What is aphasia?
Bruce Willis, the 67-year-old actor mostly known for portraying wisecracking action heroes like John McClane from the Die Hard series, announced his retirement from acting, after being diagnosed with aphasia. Those who worked with him had been aware of a cognitive decline over several years, noticing struggle with his memory and an inability to deliver long lines.
So, what is aphasia? Aphasia is a disorder caused by damage to a specific area of the brain that controls language expression and comprehension (the ability to understand). Most aphasia is caused by a stroke or head injury, and usually appears more suddenly. But aphasia can also present gradually from a disease or slow-growing brain tumor and sometimes, this can lead to dementia.
Symptoms of aphasia can include:
- Speaking in short or incomplete sentences
- Speaking sentences that don’t make sense
- Using made-up words
- Difficulty with retrieving words or being able to pronounce words
- Not understanding conversation or what people are saying to you
- Trouble reading and writing
The biggest complication is the difficulty to communicate, which can affect so many aspects of one’s life. This is where a Speech-Language Pathologist can help by providing speech therapy to facilitate recovery of speech and language function. And sometimes, just learning how to deal with decreased expressive language with other tools such as apps on a mobile device, a specialized computer system, a simple picture/word board or gestures, can improve communication and connection with family and friends. Speech Pathologists are the experts for alternative communication options too.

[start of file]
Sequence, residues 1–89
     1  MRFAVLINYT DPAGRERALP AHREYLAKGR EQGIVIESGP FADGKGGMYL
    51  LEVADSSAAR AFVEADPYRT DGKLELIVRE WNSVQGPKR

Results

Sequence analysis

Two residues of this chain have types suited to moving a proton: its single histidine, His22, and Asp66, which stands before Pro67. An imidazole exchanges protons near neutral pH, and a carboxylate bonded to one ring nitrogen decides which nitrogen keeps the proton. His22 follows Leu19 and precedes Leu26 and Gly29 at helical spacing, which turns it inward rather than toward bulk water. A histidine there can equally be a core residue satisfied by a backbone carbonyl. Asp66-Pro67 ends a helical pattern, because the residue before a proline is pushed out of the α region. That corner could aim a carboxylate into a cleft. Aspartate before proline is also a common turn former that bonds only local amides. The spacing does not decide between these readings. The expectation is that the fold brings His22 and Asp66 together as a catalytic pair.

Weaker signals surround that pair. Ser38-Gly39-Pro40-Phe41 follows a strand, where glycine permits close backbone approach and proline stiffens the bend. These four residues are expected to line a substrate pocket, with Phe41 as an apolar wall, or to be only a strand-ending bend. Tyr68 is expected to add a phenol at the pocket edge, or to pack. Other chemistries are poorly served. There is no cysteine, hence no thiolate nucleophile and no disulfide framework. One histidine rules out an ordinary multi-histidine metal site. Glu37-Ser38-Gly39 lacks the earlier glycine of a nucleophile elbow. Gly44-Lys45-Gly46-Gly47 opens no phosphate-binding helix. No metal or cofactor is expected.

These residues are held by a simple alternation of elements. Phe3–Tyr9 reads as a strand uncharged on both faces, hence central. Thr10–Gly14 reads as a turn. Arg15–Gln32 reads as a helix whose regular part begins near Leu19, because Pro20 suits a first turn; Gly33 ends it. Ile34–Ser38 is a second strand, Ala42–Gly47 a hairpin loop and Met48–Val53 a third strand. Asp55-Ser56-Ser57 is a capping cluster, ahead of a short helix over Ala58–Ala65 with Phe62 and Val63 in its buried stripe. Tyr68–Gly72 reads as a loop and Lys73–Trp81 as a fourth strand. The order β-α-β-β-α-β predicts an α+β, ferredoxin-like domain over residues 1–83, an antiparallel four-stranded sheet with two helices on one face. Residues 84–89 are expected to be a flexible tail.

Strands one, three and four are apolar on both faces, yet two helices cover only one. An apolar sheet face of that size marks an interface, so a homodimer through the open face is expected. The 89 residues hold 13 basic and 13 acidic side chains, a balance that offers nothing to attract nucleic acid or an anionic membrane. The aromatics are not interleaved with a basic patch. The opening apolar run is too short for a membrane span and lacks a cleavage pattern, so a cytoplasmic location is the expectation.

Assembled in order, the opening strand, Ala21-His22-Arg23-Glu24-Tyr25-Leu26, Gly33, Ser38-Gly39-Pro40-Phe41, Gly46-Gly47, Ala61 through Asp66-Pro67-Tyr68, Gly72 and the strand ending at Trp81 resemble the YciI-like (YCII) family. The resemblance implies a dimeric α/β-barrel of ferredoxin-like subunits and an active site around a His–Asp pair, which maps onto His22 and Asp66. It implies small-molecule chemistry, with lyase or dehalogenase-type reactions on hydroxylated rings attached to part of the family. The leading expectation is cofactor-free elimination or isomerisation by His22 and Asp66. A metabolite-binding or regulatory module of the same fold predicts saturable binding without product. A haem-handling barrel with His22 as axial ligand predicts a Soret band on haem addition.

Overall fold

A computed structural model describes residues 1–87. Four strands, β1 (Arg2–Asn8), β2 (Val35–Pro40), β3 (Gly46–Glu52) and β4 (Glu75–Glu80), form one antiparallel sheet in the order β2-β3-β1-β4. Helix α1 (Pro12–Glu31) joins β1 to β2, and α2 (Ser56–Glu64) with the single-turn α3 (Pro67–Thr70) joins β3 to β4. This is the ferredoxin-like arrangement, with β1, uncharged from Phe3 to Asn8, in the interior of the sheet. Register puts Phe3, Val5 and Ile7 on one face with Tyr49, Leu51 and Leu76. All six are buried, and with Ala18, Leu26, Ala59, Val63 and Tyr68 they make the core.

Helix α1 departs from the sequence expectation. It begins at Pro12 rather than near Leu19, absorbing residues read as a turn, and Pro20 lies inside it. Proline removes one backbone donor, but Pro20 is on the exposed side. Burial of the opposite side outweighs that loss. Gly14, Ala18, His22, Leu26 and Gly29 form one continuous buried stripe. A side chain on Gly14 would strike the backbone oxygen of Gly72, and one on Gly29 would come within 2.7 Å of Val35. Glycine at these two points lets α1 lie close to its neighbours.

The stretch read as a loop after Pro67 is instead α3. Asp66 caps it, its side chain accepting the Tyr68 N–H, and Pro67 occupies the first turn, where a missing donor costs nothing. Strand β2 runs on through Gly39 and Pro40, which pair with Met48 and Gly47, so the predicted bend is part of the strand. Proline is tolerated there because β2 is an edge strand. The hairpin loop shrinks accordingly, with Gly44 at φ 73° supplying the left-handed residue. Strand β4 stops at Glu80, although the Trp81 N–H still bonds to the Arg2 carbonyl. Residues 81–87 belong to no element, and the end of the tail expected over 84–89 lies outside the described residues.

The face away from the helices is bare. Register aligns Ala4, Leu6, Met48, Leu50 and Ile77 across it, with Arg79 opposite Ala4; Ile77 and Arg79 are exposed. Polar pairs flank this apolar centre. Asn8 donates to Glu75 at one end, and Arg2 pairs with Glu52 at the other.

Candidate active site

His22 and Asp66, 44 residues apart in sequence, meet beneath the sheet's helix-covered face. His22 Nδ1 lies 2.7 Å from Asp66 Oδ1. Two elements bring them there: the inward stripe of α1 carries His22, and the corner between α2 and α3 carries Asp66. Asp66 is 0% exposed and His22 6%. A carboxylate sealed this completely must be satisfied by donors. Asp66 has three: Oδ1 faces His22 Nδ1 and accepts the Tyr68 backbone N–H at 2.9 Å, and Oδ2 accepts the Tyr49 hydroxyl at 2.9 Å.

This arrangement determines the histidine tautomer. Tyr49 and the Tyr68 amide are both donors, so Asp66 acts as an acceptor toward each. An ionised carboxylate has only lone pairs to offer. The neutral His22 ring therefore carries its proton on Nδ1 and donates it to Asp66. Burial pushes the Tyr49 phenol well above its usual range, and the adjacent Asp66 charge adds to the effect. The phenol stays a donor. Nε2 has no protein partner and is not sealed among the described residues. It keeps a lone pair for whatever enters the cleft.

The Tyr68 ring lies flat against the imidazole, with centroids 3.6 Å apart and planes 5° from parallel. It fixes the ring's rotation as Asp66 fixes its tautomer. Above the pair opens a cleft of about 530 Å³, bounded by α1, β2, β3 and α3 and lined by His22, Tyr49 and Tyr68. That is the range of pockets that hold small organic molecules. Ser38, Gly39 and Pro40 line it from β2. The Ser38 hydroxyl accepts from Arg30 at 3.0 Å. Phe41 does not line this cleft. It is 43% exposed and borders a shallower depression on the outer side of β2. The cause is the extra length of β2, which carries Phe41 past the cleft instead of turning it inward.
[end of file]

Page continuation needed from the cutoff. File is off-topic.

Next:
Hennepin Healthcare’s Speech-Language Pathology Department consists of 21 Speech Pathologists. Some work solely with patients in the hospital, some work with patients in a clinic setting, and several work in both. Speech disorders can be congenital, meaning you are born with it. Examples of this include stuttering or difficulty with pronouncing certain sounds. Children are seen in our Speech-Language Pathology Clinic. Speech disorders can also be a result of a condition suffered such as a stroke, cancers of the head or neck, a brain injury or vocal cord damage.
May is Better Hearing and Speech Month and provides an opportunity to raise awareness about disorders like these that affect communication. Do you know someone who suffers from aphasia? The American Speech-Language-Hearing Association (ASHA), offers tips on communicating with someone with aphasia:
- Get my attention before you start speaking.
- Keep eye contact with me. Watch my body language and the gestures I use.
- Talk to me in a quiet place. Turn off the TV or radio.
- Keep your voice at a normal level. You do not need to talk louder unless I ask you to.
- Keep the words you use simple but adult. Don’t “talk down” to me.
- Use shorter sentences. Repeat key words that you want me to understand.
- Slow down your speech.
- Give me time to speak. It may take me longer. Try not to finish my sentences for me.
- Try using drawings, gestures, writing, and facial expressions. I may understand those better than words sometimes.
- Ask me to draw, write, or point when I am having trouble talking.
- Ask me “yes” and “no” questions. Those are easier than questions that I have to answer in words or sentences.
- Let me make mistakes sometimes. I may not be able to say everything perfectly all the time.
- Let me try to do things for myself. I may need to try a few times. Help me when I ask for it.
“Aphasia finds the mind struggling as it seeks ways to push a thought, one thought, any thought through a banged-up brain to the world outside where it can be interpreted by other mortals not damaged by aphasia.”
- Helen Harlan Wulf, author, Aphasia, My World Alone